How Disney Keeps Disney World So Clean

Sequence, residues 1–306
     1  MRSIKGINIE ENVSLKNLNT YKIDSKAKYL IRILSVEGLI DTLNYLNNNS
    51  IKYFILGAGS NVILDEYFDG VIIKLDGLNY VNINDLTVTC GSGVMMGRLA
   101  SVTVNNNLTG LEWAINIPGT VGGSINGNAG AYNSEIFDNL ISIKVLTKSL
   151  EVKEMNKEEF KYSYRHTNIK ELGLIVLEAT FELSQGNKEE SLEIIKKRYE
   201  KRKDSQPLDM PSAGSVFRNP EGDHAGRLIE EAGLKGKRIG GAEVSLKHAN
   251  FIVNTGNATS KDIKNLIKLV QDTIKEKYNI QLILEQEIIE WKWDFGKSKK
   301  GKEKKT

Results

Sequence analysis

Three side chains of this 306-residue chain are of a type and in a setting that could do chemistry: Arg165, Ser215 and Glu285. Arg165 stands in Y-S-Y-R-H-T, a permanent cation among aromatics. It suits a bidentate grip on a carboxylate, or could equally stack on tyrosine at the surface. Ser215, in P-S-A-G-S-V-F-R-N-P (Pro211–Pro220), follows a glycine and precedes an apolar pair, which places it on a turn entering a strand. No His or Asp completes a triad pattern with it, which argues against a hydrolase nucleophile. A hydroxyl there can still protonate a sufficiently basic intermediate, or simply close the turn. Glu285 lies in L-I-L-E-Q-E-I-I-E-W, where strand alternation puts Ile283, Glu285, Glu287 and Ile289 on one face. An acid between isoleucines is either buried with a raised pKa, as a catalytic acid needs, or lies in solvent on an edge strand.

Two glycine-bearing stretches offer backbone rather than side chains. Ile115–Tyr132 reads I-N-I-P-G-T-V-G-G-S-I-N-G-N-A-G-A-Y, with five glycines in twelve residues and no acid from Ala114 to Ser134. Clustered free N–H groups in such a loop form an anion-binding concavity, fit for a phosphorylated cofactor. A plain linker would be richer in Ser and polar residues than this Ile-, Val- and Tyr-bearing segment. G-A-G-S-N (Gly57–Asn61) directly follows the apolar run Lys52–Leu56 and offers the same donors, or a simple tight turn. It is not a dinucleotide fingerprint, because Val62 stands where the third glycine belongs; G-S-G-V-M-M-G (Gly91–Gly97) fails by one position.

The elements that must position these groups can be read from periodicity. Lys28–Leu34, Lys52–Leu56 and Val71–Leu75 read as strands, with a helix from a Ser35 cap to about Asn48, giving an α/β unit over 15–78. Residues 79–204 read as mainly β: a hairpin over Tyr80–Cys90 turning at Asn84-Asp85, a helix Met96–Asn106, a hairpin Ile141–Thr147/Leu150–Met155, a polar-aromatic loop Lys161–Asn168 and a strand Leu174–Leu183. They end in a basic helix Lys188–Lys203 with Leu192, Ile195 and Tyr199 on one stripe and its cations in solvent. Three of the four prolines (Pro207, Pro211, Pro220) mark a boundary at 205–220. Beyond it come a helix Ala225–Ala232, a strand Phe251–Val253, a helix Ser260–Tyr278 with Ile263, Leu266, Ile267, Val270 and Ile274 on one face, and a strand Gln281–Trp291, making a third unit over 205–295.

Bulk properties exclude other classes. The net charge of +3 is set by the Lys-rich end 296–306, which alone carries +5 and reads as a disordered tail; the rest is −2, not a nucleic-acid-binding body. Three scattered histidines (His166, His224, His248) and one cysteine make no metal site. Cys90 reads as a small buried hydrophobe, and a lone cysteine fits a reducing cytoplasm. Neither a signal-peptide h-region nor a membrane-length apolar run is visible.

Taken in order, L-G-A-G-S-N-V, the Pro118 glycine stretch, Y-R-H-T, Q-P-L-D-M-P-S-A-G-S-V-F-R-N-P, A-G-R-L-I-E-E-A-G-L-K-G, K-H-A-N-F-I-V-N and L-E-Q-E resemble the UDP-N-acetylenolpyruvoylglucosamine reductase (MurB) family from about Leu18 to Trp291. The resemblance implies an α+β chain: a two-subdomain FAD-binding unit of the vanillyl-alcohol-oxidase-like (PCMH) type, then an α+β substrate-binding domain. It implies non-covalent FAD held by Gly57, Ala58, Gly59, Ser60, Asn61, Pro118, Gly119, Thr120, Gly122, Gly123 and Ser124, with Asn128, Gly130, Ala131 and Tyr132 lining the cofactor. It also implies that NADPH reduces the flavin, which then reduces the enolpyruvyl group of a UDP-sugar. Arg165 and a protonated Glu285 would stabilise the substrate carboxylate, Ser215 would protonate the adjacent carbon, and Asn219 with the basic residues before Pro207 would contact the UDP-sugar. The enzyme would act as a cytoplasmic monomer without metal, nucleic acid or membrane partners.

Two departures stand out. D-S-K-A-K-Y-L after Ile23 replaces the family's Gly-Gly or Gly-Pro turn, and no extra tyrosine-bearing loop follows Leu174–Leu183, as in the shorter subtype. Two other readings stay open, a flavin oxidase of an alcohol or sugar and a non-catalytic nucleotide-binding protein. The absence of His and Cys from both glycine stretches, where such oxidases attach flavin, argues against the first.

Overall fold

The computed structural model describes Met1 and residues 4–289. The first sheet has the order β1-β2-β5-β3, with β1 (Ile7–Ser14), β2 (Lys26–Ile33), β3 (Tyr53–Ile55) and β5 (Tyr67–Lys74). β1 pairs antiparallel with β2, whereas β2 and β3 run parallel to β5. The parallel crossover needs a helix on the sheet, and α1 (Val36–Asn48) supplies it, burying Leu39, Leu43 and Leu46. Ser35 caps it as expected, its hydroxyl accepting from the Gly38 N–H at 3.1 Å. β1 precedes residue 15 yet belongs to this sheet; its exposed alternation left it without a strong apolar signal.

Disney World in Orlando, Fla., covers nearly 25,000 acres and houses four theme parks — Magic Kingdom, Epcot, Disney’s Hollywood Studios, and Disney’s Animal Kingdom. In fact, it’s the most visited vacation resort in the world, with an average annual attendance of more than 58 million. So, how does Disney keep their park so clean? Disney World is alive 24 hours a day, even though guests may only enter during operating hours. After the park closes, the cleaning crew goes to work. To clean Splash Mountain, the cleaning crew drains the ride's 965,000 gallons of water every night. The entire ride can be drained in about five minutes and refilled in 20 minutes. Main Street gets a power wash every night, using 120º water to wash away all the gum, spilled drinks and ice cream, and other liquids that make that make their way to the street. Cleaning doesn’t stop at power washing. In fact, a major part of Disney World’s clean-up routine involves maintenance. Two things that must always be maintained are trees and gardens, so replacing trees and replanting gardens takes place after closing as well. You know the old saying: If you can’t clean it, paint it. Each night, the cleaning crew does paint touch-ups throughout the park to make sure nothing is chipped or faded. Disney actually has its own special cleaning products. Thanks to guests spitting at the black-lighted mesh screen ghosts on Indiana Jones Adventure, Disney had to have its own special saliva-cleaning product, since commercial products would ruin the screens. As for disinfecting, Disney World goes through about 700,000 gallons of bleach every day. Some studies have shown that when an environment is clean, the people in it are happy. So, to keep Disney World “the happiest place on earth,” Disney is doing whatever it takes to keep things clean and guests happy. They want the park to look every day the way it looked on opening day — brand spanking new.